To begin, Max Miller, Millennium High School’s Vice President spoke on behalf of the Piedmont High and Millennium High community, updating the school board on upcoming events. From the annual Falcon fundraising dinner switching the style of catering to the upcoming plays at Piedmont High School (PHS), both campuses were bustling with spring time activities. After Miller spoke, a community member read a speech without telling the audience or school board it’s origins. When he finished the excerpt, he asked everyone if they knew where it was from. Stumping the entire room, he revealed it was written by Pericles over 2,000 years ago, noting it’s parallel to the Gettysburg Address by the 16th President Abraham Lincoln. This non sequitur speech segwayed into the Board updates from all five board members present. Recalling all the meetings they attended, each school-related meeting had anywhere from one to four school board members in attendance. Superintendent Booker talked about the search to find a new PHS principal.

Sam Williamson spoke after the updates about the memorial service for his kindergarten teacher which was held simultaneously in the Veterans Hall. He passed around a picture of himself with his teacher; she will be missed by all her students and the entire Wildwood School community.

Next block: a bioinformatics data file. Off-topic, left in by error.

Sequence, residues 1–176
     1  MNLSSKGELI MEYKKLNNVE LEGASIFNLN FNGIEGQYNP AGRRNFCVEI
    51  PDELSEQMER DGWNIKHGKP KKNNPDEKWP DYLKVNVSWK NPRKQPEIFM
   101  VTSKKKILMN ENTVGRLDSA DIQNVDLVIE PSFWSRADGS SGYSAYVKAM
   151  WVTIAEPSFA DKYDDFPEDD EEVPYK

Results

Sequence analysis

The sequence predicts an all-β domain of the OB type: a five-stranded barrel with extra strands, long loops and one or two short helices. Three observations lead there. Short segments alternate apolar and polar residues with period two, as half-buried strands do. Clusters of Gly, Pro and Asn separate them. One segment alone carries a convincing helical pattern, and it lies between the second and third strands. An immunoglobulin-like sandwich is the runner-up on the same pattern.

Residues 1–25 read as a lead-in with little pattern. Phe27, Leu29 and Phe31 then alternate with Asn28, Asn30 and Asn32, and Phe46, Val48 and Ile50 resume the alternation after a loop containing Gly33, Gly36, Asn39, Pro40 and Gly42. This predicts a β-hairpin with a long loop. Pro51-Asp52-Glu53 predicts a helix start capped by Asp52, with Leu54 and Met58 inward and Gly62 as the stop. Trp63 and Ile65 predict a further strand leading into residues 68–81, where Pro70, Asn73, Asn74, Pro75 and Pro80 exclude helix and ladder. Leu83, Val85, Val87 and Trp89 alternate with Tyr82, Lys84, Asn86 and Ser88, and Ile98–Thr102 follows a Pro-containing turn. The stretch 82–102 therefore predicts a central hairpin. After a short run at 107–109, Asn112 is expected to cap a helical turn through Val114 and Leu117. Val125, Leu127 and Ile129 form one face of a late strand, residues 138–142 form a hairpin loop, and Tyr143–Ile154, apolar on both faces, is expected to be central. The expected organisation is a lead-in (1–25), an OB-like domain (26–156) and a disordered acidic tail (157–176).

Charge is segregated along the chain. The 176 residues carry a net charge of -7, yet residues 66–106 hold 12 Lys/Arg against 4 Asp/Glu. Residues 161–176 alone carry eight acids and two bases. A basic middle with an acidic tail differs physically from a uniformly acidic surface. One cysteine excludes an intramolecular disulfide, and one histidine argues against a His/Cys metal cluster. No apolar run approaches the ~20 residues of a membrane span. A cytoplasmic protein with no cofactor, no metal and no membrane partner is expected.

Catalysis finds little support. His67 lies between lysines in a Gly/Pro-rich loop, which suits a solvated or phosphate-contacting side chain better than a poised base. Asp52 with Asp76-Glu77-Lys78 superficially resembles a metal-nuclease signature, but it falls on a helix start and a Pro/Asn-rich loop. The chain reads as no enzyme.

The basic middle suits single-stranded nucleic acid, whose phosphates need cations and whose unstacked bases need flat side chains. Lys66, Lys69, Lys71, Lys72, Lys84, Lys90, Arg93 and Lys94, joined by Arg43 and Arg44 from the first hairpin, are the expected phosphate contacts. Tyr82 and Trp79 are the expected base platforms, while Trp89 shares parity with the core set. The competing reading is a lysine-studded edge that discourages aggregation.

The first item on the agenda addressed the budgeting strategy the District will take to build a new building and an update on the lengthy process to find a contractor. Chris Delong spoke on behalf of his firm that was hired by the District to look into the process of getting state funding to help construct the new science building. Delong presented his ideas, hoping to be rehired by the District to continue his work with PUSD. Having worked years in Sacramento, Delong knows first hand the tedious work it takes to tap into the seismic construction fund, and he wants to help Piedmont with that task. The Board unanimously rehired his firm after questions by School Board members Amal Smith and Andrea Swenson.

Michael Brady updated the Board on the successful search for a construction firm. The new firm has outstanding references and consistently showed they can both work with a time limit and budget. However, I think that this H1 funding measure needs more transparency. The Piedmont community deserves more updates about how their money is being spent and what exactly is being done to ensure the building of new science buildings. Whether that’s through the Piedmont Post, or an email, the District should do a better job conveying their progress.